Later, one of Don’s neighbors indicates suburban domesticity and remarks, “We got it all, huh?”
“Yeah, this is it,” Don replies, unconvincingly, after a moment’s hesitation. Meanwhile, he’s plowed through an afternoon’s worth of nonstop beers before upgrading to hard liquor — and one gets the impression he’s only at home begrudgingly, having been rebuffed by potential mistress Rachel Menkin upon her learning of his marital status. Don spends a Saturday prepping for his daughter Sally’s birthday party, but his mind is clearly on the cufflinks Rachel gave him before their would-be affair went awry: A pair of medieval knights.
Don proves to be anything but chivalrous, however. He goes through the motions of assembling Sally’s playhouse in time for the party, engages in small talk with his neighbors, but when he’s sent away to pick up Sally’s birthday cake he never returns. Instead, he sits at the railroad tracks watching the commuter train go by — the same train line, one assumes, where the episode and its real mystery began in the first place.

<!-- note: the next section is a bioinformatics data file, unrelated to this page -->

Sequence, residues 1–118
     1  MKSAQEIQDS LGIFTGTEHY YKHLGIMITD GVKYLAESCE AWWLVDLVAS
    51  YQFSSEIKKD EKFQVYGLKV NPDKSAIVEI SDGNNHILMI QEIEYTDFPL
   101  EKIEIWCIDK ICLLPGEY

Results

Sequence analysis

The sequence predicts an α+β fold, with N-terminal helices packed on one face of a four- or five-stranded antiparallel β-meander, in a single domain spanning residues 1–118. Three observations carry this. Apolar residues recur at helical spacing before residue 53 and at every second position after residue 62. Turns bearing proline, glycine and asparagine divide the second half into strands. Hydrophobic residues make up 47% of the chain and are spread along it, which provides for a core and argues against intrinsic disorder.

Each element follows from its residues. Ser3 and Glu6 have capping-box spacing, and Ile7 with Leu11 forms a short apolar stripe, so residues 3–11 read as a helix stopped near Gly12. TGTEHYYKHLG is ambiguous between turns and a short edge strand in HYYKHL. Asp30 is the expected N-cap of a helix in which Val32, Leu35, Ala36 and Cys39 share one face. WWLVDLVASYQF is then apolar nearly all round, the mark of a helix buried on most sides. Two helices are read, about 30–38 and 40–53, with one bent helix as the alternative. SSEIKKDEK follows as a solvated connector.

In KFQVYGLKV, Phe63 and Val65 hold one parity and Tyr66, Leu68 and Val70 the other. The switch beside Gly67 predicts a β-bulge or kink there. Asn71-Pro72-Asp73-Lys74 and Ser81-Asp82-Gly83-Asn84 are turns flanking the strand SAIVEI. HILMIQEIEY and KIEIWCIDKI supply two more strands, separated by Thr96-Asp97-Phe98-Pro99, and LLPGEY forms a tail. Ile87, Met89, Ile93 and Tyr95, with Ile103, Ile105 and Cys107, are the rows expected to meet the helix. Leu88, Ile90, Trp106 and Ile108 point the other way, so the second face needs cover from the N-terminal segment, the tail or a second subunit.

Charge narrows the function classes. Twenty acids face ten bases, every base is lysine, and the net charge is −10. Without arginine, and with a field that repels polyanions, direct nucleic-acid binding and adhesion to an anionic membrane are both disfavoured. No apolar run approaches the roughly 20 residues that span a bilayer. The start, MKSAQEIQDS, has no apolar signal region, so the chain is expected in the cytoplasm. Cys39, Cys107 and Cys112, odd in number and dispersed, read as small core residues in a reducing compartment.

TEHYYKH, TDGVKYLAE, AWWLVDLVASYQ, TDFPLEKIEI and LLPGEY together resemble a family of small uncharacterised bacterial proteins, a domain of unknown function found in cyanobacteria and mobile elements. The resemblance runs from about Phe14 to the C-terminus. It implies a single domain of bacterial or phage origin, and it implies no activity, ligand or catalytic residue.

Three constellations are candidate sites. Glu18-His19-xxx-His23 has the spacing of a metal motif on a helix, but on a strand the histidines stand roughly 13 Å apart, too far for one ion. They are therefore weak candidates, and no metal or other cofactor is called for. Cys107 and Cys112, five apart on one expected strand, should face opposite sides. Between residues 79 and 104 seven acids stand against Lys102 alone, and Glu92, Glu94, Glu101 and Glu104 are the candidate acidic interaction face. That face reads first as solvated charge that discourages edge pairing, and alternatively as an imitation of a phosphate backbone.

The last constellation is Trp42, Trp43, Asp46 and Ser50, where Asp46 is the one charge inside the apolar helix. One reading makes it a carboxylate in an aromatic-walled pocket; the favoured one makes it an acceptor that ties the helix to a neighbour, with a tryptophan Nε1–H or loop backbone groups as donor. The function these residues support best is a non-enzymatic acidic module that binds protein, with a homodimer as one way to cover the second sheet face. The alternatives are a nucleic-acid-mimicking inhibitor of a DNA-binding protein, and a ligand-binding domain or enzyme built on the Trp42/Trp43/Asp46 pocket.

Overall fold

That question hovers over the episode, the complement to the eponymous theme of marriage’s desolation, and an echo of the question from the first two episodes. Who is Don Draper? “The Marriage of Figaro” opens with a stranger recognizing him on the train and calling him by the name “Dick Whitman” — a name to which Don responds, albeit even more evasively than usual, and which leaves him looking every bit as rattled as he was going in to Sterling-Cooper’s near-disastrous Lucky Strike meeting. Who is Don Draper?
“Nobody’s ever lifted that rock,” one of his coworkers remarks. “For all we know, he could be Batman.” But no; while he may have a secret identity, Don only dreams of being a millionaire playboy.
By far the most precise bridge between the not-so-halcyon 1960s and the current century comes in the form of Helen Bishop, the neighborhood divorcée. Previously seen in passing just long enough to cause Betty to have a breakdown, Helen makes a proper appearance at Sally’s birthday party, where she’s regarded as strange and dangerous by the wives. And for good reason: The husbands see her as fresh meat to be pounced on at the first opportunity.